The scandal du jour is how the gathering of tabloid gossip has escalated from eavesdropping on insider chitchat to outright espionage. In Britain, reporters from Rupert Murdoch’s News of the World are accused of trying to get the dirt on royals, politicians, and sports stars by bribing bodyguards and household staff, hacking phone lines, and cracking into email accounts. The spying operation apparently extends to the United States, where Murdoch reporters are said to have hacked the families of 9/11 victims, among others. I’m certain it runs deeper than anyone is saying right now, because once you start getting insider news this way, how do you stop?
But why haven’t we heard more about Squidgygate and Camillagate? Way back in 1989 someone recorded phone calls from Princess Diana and Prince Charles. Transcripts of the calls ended up in the British tabloid press, to the great embarrassment of all involved. There were investigations: I believe it came down to simple gossip-gathering, someone digging up dirt on the royals to sell to the highest bidder. Isn’t what’s going on now, more than 20 years later, just a continuation of that? Hell, reporters were caught trying to break into the missing baby’s upstairs nursery in the wake of the 1932 Lindbergh baby kidnapping. Nothing new here.
I’m thinking what’s different this time around is Murdoch’s boys crossed the wrong person, someone with the power to destroy them. The Lindberghs couldn’t take down the tabloids 80 years ago, the royal family couldn’t do it 20 years ago … but someone’s doing it now. Murdoch owns newspapers all around the world, and no doubt the extent of the spying has only begun to be revealed. I must say I’m glued to this story.
I’m increasingly unglued to NPR, particularly when it comes to news about the debt ceiling standoff here in the USA. NPR aired a long segment this morning absolutely filled with Republican and Tea Party talking points, and nary a word about what 2- to 4-trillion dollar cuts will actually mean to regular people, nor what will happen if the debt ceiling isn’t raised. Are Social Security checks going to keep coming? What about military and federal pensions? Will people on Medicare still be able to see their doctors? Will VA hospitals continue to operate? Will government workers be furloughed? Why isn’t NPR talking about these things? I was so disgusted I changed the station. Liberal media my ass. Propaganda funnel is more like it.
Speaking of fighting city hall, my daughter went to traffic court this morning to contest a parking ticket … and she won! I’m going to remember that next time I get a bogus ticket. You can still fight ’em, and it’s still possible to win. A lesson there for us all.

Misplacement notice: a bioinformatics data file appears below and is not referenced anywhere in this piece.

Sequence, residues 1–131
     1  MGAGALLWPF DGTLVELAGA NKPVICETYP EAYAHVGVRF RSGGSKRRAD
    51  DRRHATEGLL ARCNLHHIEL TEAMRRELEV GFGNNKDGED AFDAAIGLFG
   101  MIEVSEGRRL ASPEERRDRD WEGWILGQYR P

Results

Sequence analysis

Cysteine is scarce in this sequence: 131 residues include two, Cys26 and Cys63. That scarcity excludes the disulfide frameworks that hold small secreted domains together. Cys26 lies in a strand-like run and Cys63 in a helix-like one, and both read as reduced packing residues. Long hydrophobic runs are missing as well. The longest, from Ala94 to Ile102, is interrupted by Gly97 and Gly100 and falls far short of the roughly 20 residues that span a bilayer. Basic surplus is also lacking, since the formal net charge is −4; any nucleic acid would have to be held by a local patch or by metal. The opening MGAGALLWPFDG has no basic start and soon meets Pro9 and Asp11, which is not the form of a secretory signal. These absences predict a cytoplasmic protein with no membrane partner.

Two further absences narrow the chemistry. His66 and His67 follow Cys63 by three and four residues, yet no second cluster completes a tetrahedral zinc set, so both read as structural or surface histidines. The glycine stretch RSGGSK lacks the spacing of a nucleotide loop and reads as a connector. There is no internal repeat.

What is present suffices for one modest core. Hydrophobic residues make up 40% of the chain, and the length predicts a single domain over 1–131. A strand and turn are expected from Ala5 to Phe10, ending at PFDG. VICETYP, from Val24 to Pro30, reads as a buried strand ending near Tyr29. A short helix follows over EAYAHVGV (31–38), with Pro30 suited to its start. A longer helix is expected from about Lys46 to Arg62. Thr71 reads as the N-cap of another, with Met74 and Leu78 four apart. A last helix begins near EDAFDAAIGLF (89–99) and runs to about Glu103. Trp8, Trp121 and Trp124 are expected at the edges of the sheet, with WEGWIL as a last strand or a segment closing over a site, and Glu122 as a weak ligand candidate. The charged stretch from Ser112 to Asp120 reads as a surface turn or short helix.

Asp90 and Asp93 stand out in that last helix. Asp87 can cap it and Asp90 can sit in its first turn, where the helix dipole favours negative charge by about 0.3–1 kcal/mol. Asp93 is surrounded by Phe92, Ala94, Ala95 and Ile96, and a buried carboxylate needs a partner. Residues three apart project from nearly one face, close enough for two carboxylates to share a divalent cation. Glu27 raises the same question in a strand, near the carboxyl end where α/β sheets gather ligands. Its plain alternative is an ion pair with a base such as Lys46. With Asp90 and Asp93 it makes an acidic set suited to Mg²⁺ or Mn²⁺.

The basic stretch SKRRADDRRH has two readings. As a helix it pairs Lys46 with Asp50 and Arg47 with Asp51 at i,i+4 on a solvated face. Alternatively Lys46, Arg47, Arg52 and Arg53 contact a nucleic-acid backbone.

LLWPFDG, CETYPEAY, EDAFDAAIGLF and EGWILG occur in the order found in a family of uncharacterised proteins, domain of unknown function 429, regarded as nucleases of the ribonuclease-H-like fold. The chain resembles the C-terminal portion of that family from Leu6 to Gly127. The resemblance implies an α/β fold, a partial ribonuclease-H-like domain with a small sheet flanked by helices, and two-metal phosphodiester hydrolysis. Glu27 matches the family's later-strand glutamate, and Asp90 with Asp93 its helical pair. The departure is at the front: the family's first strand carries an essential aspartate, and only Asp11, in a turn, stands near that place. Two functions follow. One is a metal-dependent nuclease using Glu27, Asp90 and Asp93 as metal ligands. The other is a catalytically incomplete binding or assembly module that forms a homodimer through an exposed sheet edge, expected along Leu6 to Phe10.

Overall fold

On the geek front, I’ve been tinkering with the formatting of my book and DVD review posts. What works on a desktop or laptop doesn’t necessarily work on a mobile phone screen. What works in Firefox might not work in Internet Explorer. What works on a screen set to 1024 by 768 pixels works differently at smaller or larger resolutions. The <div> tag is supposed to separate elements on a page, something like a hard paragraph break, except that it doesn’t. So many problems!
I’m trying different formatting techniques, checking them on Firefox and IE, then checking again with larger and smaller screen resolutions. I’ll probably have to download Chrome and Safari too. Why should it be so damn hard to set up your blog so that it looks the same to every reader? Look, people, just change to Firefox, set your screen resolution to 1024 X 768, and you’ll see what I see. Wouldn’t that be nice?
Google+ opened up invitations again, at least for a short time, and I was able to sneak in (I’m listed as Paul Woodford, if you’d like to find me there). First impressions: G+ is simple to understand and use, not cluttered with Facebook-style time-wasters like polls, games, and who-befriended-whom notices. I particularly like being able to set up defined circles of friends and acquaintances (friends, family, hash house harriers, etc) so that I can have discussions with people in some circles without being overheard by all. And, as with Twitter, I can follow notable people without being a pest.
Now to see whether sufficient numbers of my friends and relatives make the move. I hope they’re not all busy playing Farmville.
© 2011, Paul Woodford. All rights reserved.